Executives — especially VPs with the word “customer service” in their title — don’t really want to hear from you when you have a problem.
That’s why they pay companies overseas hundreds of thousands of dollars a month to field your angry phone calls.
So it might not surprise you to hear about the extraordinary lengths some managers go to keep you from contacting them. But I admit: I am shocked.
Just yesterday, I tried to help someone contact the CEO of a large multi-national company.
He’d sent emails through normal channels and received the usual form response, suggesting no one had actually taken the time to read his grievance.
Email addresses at the company were firstname.lastname@example.org — an industry standard. But the email address was bouncing.
A little sleuthing revealed the exec used a middle initial — and “X” — in a somewhat clumsy effort to thwart consumers from directly emailing him.
The fake middle initial trick is just one of several tactics used by managers to keep you away.
Now, there are legitimate reasons for an executive to keep you at arm’s length — at least from that person’s perspective. After all, they’re the captain of a big corporation and their time is valuable.
That’s not a valid perspective. If said CEO were doing his or her job, then most service problems would get taken care of and only the most pressing issues would get forwarded to the management level.
Nor is the argument that the executives have a right to privacy a valid one. If these executives want privacy, they can move to a monastery and take a vow of silence.
Their professional email address and phone numbers are fair game.
So how do they hide them? Here are the most common ways.
The (fake) middle initial.
It’s a popular trick, especially when the executives have a common name.
Adding a middle initial helps differentiate them from other employees with their name, although I pity that underling, since he or she will get all the mail meant for the CEO or the VP of customer service.
More questionable is the fake middle initial, because that’s an outright lie meant to send your email bouncing right back.
And if a CEO lies about their email address, it makes you wonder what else they are lying about.
You can easily find an executive’s real middle initial on the company website or public SEC filings.
The gobbledygook address.
Some companies try to throw you for a loop by making their email addresses nonsense.
For example, one well-known phone company adds random numbers to the email address; another equally well-known online travel agency creates random addresses that include the first three letters of your first name and part of your last name.
These are meant to keep their employees’ email addresses private, but it’s silly.
Eventually, these bumbling attempts to prevent you from contacting someone at the company will backfire and in the end, the executive’s email address will get released into the wild anyway.
Oops, wrong domain.
Here’s a crafty way to avoid the crowds: give your executives email addresses at another address — one not widely publicized. Let me explain:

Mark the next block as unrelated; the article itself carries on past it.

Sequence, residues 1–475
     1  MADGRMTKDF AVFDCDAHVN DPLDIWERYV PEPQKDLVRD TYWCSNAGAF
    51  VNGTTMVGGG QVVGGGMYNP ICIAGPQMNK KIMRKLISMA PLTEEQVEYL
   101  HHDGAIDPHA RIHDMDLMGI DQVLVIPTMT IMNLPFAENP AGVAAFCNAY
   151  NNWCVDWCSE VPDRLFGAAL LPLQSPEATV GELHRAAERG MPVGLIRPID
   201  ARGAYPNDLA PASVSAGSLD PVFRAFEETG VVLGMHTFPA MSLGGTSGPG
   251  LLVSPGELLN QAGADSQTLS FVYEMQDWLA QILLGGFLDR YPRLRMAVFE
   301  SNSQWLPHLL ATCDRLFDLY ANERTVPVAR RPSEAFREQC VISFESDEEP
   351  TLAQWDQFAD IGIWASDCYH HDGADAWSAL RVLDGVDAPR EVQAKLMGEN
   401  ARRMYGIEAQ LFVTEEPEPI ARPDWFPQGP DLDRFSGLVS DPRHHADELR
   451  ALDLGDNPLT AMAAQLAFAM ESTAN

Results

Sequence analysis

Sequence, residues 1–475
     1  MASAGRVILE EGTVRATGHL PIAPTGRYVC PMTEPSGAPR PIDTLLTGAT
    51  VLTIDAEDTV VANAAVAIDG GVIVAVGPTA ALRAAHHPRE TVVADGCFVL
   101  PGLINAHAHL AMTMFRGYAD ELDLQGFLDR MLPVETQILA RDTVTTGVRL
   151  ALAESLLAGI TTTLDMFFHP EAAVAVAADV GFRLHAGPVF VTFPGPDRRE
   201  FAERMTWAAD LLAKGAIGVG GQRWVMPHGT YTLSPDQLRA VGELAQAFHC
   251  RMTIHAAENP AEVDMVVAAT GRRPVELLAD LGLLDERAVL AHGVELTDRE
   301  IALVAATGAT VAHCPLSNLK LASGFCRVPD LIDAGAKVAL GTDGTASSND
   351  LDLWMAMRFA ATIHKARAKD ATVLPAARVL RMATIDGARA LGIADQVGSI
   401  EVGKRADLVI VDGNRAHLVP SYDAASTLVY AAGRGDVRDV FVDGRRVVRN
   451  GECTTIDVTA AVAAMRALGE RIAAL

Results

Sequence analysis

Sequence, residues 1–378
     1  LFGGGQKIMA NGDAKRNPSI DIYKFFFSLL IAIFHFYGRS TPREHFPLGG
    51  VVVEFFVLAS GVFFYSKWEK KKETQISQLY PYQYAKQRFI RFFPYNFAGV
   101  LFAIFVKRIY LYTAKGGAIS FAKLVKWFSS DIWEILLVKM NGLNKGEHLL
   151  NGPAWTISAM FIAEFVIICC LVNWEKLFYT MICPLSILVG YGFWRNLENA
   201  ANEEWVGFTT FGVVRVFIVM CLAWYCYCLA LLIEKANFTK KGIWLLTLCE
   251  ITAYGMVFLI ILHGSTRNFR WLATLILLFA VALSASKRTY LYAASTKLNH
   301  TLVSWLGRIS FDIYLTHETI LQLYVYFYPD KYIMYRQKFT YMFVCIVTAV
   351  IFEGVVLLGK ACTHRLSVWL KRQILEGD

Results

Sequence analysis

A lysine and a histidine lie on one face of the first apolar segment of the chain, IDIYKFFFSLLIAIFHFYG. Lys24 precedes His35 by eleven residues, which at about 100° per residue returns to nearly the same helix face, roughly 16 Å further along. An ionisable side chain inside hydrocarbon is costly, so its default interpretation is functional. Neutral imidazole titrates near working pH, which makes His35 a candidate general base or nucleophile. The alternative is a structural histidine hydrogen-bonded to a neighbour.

I just saw this with a big wireless company. Let’s call it greed.com.
All the managers at greed.com had email addresses at greedwireless.com. Pretty smart, huh?
So all of the emails sent to email@example.com got bounced right back as undeliverable.
Sometimes you have to do a multiple-guess when you try to triangulate an executive’s address. But this one’s relatively easy to discover.
Why have a fake initial when you can just have a fake address?
Well, unfortunately some misguided executives, on the advice of their PR department, set up fake addresses and then release them online. Whatever for?
They funnel the correspondence right back to those outsourced “customer service” centers for a non-resolution. I’ve seen it.
A legitimate manager’s email address is never easy to get, so if it seems too easy, it can often mean your message is being channeled to a decoy and will never be seen by the right people.
The bogus bouncer.
You probably already know this, but many email systems offer an option to “bounce” a message as undeliverable — even if the email was received.
It’s an extremely rude way of saying “get lost” but blaming it on the Internet.
I just encountered it today, when I tried to email several executives at a certain large computer manufacturer whose addresses I knew worked.
Although it’s a fairly savvy way to make a complainer go away and potentially even forget your email address, it’s as bad a lie as the decoy or the fake middle initial.
Eventually, the truth will come out.
By the way, there are many ways to ferret out a fake address. My preferred method is through a free service called Rapportive, which automatically verifies an email address if you use Gmail. You can tinker with the address until it green lights the email and then you’re good to go.
Look, companies will try to keep the addresses of their executives private. But you have a right to contact them when you’re not getting the service you deserve.